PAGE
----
The hotel originally planned for Phase II would become the Nouvelle at Natick condominium complex, and was completed during spring 2009. By December 2008, condominium sales were behind projections, with only 34 of the 215 units sold or under contract. Real estate agents in the Metrowest area have stated that the prices of the units, ranging from $379,900 to over $1 million, combined with the timing of the opening of the facility, have seriously hampered sales. Several real estate agencies have stated that General Growth will need to lower its prices for the units to attract consumers in tight economic times. Additionally, home sales in the Natick and Framingham area are traditionally oriented towards single family homes which are also working against the residences. On September 10, 2009, The Boston Globe reported that Nouvelle at Natick would auction off 42 of the 215 units, with bids starting as low as $160,000. While initial site work for a future hotel has been completed, the financial difficulties of General Growth puts its construction into doubt.
In July 2011, General Growth reverted the property's name back to Natick Mall, citing local tradition as the reason for the change.
Following a two-level, generally T-shaped floor plan, the Natick Mall spans 1,860,000 sq ft (173,000 m2). With its late-2000s expansion, it makes use of natural lighting with the intention of providing an open atmosphere. Its curved ceiling was inspired by the American Indian translation of "Natick", meaning "place of rolling hills". Much of the mall's design incorporates the leaves of the birch tree. The expansion also provided an underground parking garage in addition to its three existing structures. The lower level incorporates porcelain tile flooring, while the upper level uses engineering hardwood flooring; the design utilizes glass fixtures throughout. The exterior of the Neiman Marcus location is covered by 80-foot-tall curved stainless steel panels colored in various shades of brown; it is intended to resemble a women's dress.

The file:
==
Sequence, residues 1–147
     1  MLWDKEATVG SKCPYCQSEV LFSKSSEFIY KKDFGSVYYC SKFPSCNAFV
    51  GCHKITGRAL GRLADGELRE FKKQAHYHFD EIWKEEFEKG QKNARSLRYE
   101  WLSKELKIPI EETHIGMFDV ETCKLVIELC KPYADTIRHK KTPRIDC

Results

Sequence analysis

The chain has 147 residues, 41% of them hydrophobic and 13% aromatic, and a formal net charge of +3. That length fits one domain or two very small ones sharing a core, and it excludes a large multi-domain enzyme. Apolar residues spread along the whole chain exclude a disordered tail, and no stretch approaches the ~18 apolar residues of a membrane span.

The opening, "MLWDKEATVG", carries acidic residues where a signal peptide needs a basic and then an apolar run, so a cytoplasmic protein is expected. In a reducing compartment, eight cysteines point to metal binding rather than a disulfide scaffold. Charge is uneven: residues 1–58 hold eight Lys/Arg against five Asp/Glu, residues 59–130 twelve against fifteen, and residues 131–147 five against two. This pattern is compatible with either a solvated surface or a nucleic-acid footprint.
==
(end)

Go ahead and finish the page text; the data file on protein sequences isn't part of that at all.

|JCPenney||2006||194,558 sq ft (18,075.0 m2)||Opened in 1994 as Jordan Marsh, converted to Macy's in 1996, converted to JCPenney in 2006.|
|Lord & Taylor||1994||113,384 sq ft (10,533.7 m2)|
|Macy's||2006||208,376 sq ft (19,358.8 m2)||Opened in 1963 as Filene's, expanded/renovated in 1991, converted to Macy's in 2006.|
|Neiman Marcus||2007||97,450 sq ft (9,053 m2)|
|Nordstrom||2007||138,980 sq ft (12,912 m2)||First location opened in Massachusetts.|
|Sears||1963||194,722 sq ft (18,090.3 m2)||Opened in 1963, demolished/replaced in 1994.|
|American Girl||2008||20,000 sq ft (1,900 m2)|
|Apple Store||2007||8,457 sq ft (785.7 m2)|
|Bottega Veneta||2,700 sq ft (250 m2)|
|Crate & Barrel||80,000 sq ft (7,400 m2)|
|Gilly Hicks||2008||10,228 sq ft (950.2 m2)||First location of the brand opened.|
|Gucci||5,005 sq ft (465.0 m2)|
|Hugo Boss||6,011 sq ft (558.4 m2)|
|Louis Vuitton||3,637 sq ft (337.9 m2)|
|Salvatore Ferragamo||3,400 sq ft (320 m2)|
|Tiffany & Co.||5,295 sq ft (491.9 m2)|
|Zara||9,000 sq ft (840 m2)|
Jordan Marsh anchor location, 1994.
- Shoppers World – Power center adjacent to the mall
- The Golden Triangle – District in which the mall is located
- "Natick Collection, Massachusetts, USA : Information".
- "Natick Mall Properties & Leasing". General Growth Properties. Retrieved February 11, 2013.
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- Mehegan, David (December 20, 1988). "STORES LOSE LAWSUIT ON DEC. 26 OPENINGS". The Boston Globe. Retrieved February 9, 2013.
- "From the Natick Mall (1966) to the Natick Mall (1994), Natick (2006), Natick Mall (2007), and Natick Collection (2007)". Retrieved February 8, 2013.
- "From Wonder Bread to the Natick Collection 2007 Expansion". Retrieved February 9, 2013.
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- Eileen Kennedy (April 28, 2008). "Destination Shopping In Natick?". Worcester Business Journal. Retrieved December 31, 2008. "For the Natick Collection, the proposed luxury hotel would be at least two years away [from April 2008] as plans must be presented to Natick town planners for their approval, and negotiations for the right hotel have to be concluded, according to Michael H. McNaughton, General Growth Properties' vice president of asset management."
- Muther, Christopher (February 21, 2007). "Extreme makeover: mall edition!". The Boston Globe. Retrieved February 9, 2013.
- "Beyer Blinder Belle Architects & Planners LLP". Beyer Blinder Belle. Retrieved February 9, 2013.
- "The Natick Collection – Architect Magazine". Beyer Blinder Belle. Retrieved February 9, 2013.
- Newman, Morris (April 1, 2008). "An Undulating Façade for Neiman Marcus". Buildings.com. Retrieved February 9, 2013.
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- Abelson, Jenn (September 2, 2007). "Putting down roots". The Boston Globe. Retrieved February 10, 2013.
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- "Careers in Boston, MA". Mattel Inc. Retrieved February 9, 2013.
- Kelly, Joyce (September 8, 2007). "Shoppers check out Natick Collection". The MetroWest Daily News. Retrieved February 10, 2013.
- "Gilly Hicks Bares It All: New Abercrombie chain uses skin and story to market intimate apparel, loungewear to women". Trading Markets. Retrieved March 27, 2008.